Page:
[ISN] Low-flying hackers pose growing threat

From: mea culpa (jerichot_private)
Date: Wed Oct 14 1998 - 00:07:40 PDT

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    Low-flying hackers pose growing threat
    By Jim Kerstetter
    A new type of network hacking is confounding administrators by slipping
    under the radar of traditional firewalls. 
    Low-bandwidth, or group, hacking involves numerous hackers working
    together from different locations. Together, they intermittently send sets
    of IP packets against a network to test for vulnerabilities. 
    Because the packets come from different hosts and at varying intervals,
    they come in, in effect, "under the radar" of most intrusion-detection
    applications currently on the market. 
    This type of attack has been rumored about for several years, but it
    wasn't until last month that it was documented by the Shadow project of
    the U.S.  Department of the Navy's Surface Warfare Center. Now other users
    are surfacing with their own hacking stories. 
    "We're still not sure," said an administrator at a Midwestern bank. "Our
    logs seemed to indicate that someone had been poking at us over a couple
    of weeks. I don't think they got in, but if they had found any
    [vulnerabilities], I don't think we would have known about it." 
    But vendors such as Network Associates Inc. and Internet Security Systems
    Inc., as well as freeware makers, aren't waiting for the horror stories to
    increase. Each is planning to have software available by the end of the
    year that can respond to the problem. The two companies will be
    demonstrating their respective solutions at NetWorld+Interop in Atlanta
    next week. 
    With these new low-bandwidth attacks, hackers have found a way to make the
    most obvious part of their attacks--probing for vulnerabilities--virtually
    undetectable. That frees them up to do the real damage by racing through
    those holes to capture data before they can be shut down. 
    "Most intrusion detection systems are set up to look for activity from a
    single host," said Al Huger, director of vulnerability research at Network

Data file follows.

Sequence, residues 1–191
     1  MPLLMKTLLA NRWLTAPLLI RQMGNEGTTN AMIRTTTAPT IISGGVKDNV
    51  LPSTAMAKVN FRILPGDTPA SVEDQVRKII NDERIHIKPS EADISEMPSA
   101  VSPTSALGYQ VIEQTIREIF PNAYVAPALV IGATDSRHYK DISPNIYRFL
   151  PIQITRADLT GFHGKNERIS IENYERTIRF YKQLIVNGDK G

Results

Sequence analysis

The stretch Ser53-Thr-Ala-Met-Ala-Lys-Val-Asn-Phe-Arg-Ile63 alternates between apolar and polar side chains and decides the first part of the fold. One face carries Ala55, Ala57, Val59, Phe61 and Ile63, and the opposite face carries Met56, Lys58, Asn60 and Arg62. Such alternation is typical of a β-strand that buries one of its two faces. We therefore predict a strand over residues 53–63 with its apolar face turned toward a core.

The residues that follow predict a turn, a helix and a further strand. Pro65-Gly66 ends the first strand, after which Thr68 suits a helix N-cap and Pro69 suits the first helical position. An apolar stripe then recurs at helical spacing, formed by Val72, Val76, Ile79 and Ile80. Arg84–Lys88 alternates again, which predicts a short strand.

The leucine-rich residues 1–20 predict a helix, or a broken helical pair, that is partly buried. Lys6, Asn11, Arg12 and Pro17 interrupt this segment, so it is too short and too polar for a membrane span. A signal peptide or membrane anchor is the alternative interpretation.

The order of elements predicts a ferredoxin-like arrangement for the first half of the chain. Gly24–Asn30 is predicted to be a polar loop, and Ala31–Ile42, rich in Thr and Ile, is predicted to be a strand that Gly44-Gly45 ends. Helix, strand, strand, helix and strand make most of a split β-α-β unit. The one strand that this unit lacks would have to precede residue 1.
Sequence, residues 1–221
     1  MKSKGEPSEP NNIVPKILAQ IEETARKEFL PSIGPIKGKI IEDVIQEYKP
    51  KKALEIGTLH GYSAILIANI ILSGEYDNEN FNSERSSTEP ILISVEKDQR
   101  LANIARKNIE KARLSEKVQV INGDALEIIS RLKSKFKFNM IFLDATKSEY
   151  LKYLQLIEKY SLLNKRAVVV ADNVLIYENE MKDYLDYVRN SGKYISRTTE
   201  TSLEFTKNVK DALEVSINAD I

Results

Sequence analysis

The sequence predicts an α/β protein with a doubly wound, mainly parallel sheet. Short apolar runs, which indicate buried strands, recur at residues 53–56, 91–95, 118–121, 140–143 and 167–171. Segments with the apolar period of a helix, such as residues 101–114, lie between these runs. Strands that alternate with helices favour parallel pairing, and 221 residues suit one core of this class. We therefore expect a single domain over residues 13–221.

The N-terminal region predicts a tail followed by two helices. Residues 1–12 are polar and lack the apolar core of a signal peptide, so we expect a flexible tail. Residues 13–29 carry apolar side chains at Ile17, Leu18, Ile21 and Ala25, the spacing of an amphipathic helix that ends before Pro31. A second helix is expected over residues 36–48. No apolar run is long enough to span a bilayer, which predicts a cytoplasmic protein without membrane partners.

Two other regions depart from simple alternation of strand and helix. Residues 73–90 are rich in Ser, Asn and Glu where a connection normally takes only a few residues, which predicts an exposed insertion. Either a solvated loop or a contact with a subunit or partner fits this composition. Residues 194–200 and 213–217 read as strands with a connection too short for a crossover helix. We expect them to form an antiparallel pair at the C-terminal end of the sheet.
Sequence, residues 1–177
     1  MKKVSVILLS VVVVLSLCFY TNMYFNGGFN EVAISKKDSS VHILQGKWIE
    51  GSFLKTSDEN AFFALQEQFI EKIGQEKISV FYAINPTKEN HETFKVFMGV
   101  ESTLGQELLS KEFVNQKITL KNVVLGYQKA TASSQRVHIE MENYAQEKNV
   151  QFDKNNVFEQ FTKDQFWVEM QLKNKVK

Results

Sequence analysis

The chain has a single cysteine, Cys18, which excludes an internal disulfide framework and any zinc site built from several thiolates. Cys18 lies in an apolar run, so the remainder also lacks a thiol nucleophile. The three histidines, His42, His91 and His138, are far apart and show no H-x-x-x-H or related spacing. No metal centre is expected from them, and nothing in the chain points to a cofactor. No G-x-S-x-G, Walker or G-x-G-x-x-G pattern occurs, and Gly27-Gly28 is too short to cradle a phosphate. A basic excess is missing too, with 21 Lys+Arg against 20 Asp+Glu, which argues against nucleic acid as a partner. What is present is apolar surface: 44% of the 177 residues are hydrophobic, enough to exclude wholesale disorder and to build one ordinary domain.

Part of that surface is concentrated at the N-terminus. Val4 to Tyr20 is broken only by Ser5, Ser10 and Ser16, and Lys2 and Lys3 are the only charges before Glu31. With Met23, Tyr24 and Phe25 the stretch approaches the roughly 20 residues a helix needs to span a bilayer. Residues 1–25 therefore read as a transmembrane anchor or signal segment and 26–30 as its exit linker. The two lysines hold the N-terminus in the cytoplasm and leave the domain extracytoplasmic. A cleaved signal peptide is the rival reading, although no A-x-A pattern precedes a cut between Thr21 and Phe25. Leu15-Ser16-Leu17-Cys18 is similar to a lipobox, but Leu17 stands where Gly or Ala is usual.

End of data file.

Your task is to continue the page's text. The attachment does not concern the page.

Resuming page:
Associates' research laboratory, in Santa Clara, Calif. "They are not
    designed for this sort of attack." 
    Security experts say low-bandwidth attacks take advantage of another
    weakness. If intrusion detection software is adjusted to catch the packets
    used in such an attack, then normal IP traffic will set off false alarms.
    So in order to detect a low-bandwidth attack, intrusion detection software
    has to have pattern recognition or neural network technologies. 
    ISS officials in Atlanta said the agent technology due in RealSecure 3.0
    will be able to deal with low-bandwidth attacks. RealSecure 3.0, shipping
    in the late fall for $8,995, includes attack detection agents that run on
    individual computers. 
    One of the attack patterns the agents look for is an attempt to connect to
    a nonexistent service. When an attacker checks the server for something
    that isn't there, such as an FTP connection, the agents detect the attack
    pattern, even if it is conducted slowly and from different locations. 
    Network Associates officials, in turn, said the company's Active Firewall
    technology, due in January, will be able to do such tracking and logging
    and pinpoint low-bandwidth attacks before they're completed. 
    The company will ship Event Orchestrator, which integrates with the
    Gauntlet firewall and the rest of the company's security suite, including
    intrusion detection software. Event Orchestrator will be able to analyze
    seemingly disparate data and determine if there is a pattern, according to
    company officials. 
    There is also freeware in development from the Navy's Shadow research
    project. And several developers are rumored to be coming up with a
    solution based on commercial firewall inventor Marcus Raynham's free
    Network Flight Recorder code. 
    Several security experts who have looked at the Navy tool kit have one
    concern: performance. Navy developers decided to trade off performance for
    the sake of catching the low-bandwidth attacks. It is not necessarily
    aggregating data and then looking for patterns. It is looking at the data
    as it comes in, looking for potential aggression. 
    Until such products are on the market, network administrators can do one
    thing: make sure internal IP addresses are hidden by firewalls. If they
    don't, they're inviting a low-bandwidth attack. 
    "This allows hackers to find out everything about your network," said
    Network Associates' Huger, "without knocking on the front door." 
    Low-bandwidth attacks: Three scenarios
       * Slow scans for machines and services: Attacker intermittently checks
         for machines and services to develop a picture of the target network.
         Once vulnerabilities are mapped, attacker can go back through that
       * Multisourced attack: Attacker tries to access or crash a server, also
         known as denial of service, from multiple points of origin.
       * Multisourced attacks to multiple targets: Attacker dilutes the
         so-called attack density, making it look like normal traffic that is
         converging on the same data.
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